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Tuesday, 16 April, 2002, 15:05 GMT 16:05 UK
Blunkett targets young criminals
Vandalism
The measure is part of a campaign against street crime
Persistent young offenders face being locked up while they await trial under new powers given to courts, the home secretary has announced.

David Blunkett told a conference on youth crime on Tuesday that 12 to 16-year-olds can now be held on remand if they have a history of crime.


They build their credibility by actually showing they can get away with anything and still be on the streets a day later

David Blunkett

The measure is part of a campaign against street crime and the young criminals Mr Blunkett says brag to their friends that they can do anything and still be free the next day.

It comes as Metropolitan Police Commissioner Sir John Stevens said police were now arresting children as young as eight for serious offences such as robbery.

The extra powers for remanding young offenders were made law last year.

Need for help

Mr Blunkett is signing an order so they can be used in 10 crime hotspots from June and nationwide from September.

He told the conference of his concern over repeat offenders "who cock a snook at the police and the community who build their credibility with their peer group by actually showing they can get away with anything and still be on the streets a day later".

Sir John Stevens is expected to announce playground patrols
Those youngsters needed help themselves, said Mr Blunkett, who insisted that tough jail sentences could go hand in hand with other law and order methods.

The home secretary also announced the extension of a scheme which compels the mothers and fathers of unruly teenagers to attend special parenting classes.

And he was looking at expanding the use of care orders and protective custody where other measures have failed to halt offending by children as young as 10.

Car crime

At present, teenagers can only be locked up on remand in secure accommodation if they are suspected of committing serious or violent offences.

Now the powers will be extended to include those accused of crimes like car theft and criminal damage.

About 600 places in local authority secure units will be made available by transferring some older teenagers into young offender institutions.

Moving convicted young offenders from secure accommodation is risky and it could seriously backfire

Harry Fletcher
Napo

Parenting orders can already be imposed on the parents of youngsters who have committed a criminal offence.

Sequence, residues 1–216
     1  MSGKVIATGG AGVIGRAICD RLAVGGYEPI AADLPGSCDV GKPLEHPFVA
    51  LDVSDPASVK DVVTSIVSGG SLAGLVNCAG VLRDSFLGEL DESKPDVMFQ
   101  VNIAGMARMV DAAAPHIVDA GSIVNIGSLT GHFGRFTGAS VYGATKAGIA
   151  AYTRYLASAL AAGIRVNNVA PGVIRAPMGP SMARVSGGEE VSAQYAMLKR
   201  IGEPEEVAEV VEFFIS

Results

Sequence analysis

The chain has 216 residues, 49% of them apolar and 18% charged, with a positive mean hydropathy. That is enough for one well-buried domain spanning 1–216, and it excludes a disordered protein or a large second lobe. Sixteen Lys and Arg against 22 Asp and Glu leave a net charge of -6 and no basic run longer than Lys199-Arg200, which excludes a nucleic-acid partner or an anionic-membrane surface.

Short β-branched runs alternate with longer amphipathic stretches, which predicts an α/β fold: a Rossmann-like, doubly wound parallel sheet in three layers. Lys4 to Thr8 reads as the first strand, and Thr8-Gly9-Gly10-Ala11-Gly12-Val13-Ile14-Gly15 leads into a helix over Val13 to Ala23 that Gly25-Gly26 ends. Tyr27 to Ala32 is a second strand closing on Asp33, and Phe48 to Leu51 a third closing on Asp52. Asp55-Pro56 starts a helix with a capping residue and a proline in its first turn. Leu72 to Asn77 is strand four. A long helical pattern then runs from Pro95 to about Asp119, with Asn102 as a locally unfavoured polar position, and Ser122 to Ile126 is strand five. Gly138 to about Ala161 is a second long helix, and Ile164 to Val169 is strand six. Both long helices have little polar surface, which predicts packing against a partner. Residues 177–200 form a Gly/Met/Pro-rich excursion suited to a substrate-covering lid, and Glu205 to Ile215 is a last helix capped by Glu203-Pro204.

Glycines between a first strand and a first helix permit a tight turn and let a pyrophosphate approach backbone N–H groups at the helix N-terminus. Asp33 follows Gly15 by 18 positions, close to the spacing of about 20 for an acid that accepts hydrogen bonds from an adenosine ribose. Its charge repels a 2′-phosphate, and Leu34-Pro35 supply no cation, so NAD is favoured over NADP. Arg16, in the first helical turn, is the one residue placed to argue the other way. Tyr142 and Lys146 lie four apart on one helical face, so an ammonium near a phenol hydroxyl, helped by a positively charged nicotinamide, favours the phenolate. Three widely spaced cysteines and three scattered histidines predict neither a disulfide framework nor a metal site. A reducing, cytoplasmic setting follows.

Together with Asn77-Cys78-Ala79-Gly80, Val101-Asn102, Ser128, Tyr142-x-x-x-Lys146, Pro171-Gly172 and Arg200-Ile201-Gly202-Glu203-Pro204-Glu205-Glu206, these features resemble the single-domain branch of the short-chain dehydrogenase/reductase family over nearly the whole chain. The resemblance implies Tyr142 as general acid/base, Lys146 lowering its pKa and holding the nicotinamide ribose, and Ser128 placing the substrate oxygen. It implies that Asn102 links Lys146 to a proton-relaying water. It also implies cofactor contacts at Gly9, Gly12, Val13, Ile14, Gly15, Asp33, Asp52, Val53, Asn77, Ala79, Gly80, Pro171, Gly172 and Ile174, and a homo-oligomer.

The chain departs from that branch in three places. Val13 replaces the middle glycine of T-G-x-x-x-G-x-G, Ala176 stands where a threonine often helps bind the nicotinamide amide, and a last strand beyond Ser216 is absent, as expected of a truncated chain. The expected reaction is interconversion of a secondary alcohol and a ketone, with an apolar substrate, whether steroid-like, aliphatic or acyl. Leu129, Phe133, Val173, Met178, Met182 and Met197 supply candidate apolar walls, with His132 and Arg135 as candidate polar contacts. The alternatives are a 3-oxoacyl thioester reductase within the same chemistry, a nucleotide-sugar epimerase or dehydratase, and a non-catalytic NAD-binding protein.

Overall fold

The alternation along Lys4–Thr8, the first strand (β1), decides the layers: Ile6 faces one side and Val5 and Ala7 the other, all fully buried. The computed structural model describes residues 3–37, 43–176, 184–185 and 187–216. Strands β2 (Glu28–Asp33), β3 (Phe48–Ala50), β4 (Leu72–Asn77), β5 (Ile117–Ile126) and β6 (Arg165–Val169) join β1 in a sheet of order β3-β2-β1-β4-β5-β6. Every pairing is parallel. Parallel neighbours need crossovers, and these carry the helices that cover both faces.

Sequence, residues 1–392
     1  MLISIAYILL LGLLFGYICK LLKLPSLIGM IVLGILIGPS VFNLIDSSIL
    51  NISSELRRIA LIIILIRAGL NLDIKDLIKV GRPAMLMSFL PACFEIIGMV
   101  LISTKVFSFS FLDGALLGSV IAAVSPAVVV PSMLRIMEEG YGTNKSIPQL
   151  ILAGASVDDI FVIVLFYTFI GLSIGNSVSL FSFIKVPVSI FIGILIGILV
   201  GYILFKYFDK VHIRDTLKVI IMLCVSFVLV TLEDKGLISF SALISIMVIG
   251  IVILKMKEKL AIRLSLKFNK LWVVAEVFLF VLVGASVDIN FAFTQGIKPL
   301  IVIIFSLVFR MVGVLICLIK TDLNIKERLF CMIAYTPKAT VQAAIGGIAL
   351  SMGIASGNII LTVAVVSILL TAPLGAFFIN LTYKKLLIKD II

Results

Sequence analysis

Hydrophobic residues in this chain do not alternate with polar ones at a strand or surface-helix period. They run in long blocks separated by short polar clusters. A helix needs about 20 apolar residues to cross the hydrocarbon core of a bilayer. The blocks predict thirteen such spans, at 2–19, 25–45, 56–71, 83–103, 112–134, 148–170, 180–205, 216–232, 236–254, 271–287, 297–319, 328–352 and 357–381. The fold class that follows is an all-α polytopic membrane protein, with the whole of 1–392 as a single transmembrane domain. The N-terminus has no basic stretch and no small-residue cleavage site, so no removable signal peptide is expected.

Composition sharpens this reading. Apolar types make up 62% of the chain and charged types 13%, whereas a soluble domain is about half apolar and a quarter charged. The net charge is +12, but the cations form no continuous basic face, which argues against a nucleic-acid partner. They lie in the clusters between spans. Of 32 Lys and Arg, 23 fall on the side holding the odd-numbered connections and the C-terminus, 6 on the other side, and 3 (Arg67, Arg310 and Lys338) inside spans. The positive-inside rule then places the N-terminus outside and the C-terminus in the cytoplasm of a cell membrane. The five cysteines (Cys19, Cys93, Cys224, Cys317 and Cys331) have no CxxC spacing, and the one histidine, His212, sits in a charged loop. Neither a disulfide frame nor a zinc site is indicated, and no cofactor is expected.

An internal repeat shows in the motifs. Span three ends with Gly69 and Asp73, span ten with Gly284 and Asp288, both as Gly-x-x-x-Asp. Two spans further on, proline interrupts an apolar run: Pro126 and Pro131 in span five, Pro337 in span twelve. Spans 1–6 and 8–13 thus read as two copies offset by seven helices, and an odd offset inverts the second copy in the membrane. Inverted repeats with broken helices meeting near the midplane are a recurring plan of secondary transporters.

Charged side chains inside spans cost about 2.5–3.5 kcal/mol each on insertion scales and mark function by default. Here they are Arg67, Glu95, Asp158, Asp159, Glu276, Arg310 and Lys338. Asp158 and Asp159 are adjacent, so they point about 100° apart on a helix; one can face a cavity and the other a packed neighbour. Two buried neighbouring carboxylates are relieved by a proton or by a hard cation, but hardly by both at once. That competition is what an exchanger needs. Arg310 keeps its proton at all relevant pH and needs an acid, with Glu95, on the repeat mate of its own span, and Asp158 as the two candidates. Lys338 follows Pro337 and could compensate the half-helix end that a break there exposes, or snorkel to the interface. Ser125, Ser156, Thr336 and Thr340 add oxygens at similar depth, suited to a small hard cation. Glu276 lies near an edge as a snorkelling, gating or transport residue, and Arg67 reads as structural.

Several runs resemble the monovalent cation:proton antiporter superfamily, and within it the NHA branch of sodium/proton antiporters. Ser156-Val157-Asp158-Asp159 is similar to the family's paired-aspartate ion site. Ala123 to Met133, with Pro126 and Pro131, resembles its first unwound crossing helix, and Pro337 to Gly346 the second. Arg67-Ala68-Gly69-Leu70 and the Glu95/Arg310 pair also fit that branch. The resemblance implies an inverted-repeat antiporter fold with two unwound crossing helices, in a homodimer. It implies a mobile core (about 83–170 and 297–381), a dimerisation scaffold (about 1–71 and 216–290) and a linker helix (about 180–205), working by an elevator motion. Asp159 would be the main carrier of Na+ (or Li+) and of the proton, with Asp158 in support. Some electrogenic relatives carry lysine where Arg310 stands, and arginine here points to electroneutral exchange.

Now the government wants police to have the power to issue them when teenagers are judged to be in danger of slipping into a life of crime.

With police voicing concern that courts are not tough enough with offenders, Mr Blunkett has also agreed that very often sentences were "breathtaking".

Prison alternatives

"However, to get it right we have to have a sentencing policy that takes a common sense view of first offences and non-violent offences," Mr Blunkett told BBC Radio 4's Today programme.

That meant offering alternatives to crowded prisons, he said.

Sir John, who is announcing plans for greater links between police and schools, told a London conference on youth crime that children were breaking out of the "normal calendar of offending".

"We are seeing children as young as eight coming into our custody suites for the first time when they have been arrested for robbery," he said.

"Robbery is an offence for which an adult can receive a life sentence - it is right in the top branches of the criminal tree."

'Vulnerable youngsters'

Toby Harris, who chairs the Metropolitan Police Authority, said early intervention was the key to diverting young people away from crime.

Paul Cavadino, chief executive of crime reduction charity Nacro, warned that sending more youngsters to secure accommodation could be counter-productive.

While Harry Fletcher, of probation union Napo, who said the measure was "risky" and could "seriously backfire".

Conservative home affairs spokesman Oliver Letwin said: "We need to do something much bigger and more radical and deal with the fact that the way we treat young offenders just does not work."

For the Liberal Democrat Simon Hughes said the public wanted something to be done but he questioned how the scheme would be resourced.

 WATCH/LISTEN
 ON THIS STORY
The BBC's James Westhead
"The government wants to go further"
Home Secretary David Blunkett
"We need a common sense sentencing policy"
Sir John Stevens of the Metropolitan Police
"Youth crime is probably the most important crime issue facing the police"

Talking PointTALKING POINT
Parenting
Your views on unruly children
See also:

16 Apr 02 | Education
Police 'not patrolling playgrounds'
16 Apr 02 | UK
Parents 'need more help'
22 Mar 02 | UK Politics
Magistrates raise 'young thugs' fears
09 Apr 02 | Education
Teachers welcome police in schools
26 Mar 02 | Education
Daily abuse teachers are facing
23 Aug 01 | UK
Youth justice: How it works
25 Mar 02 | Education
Q & A: Parenting orders
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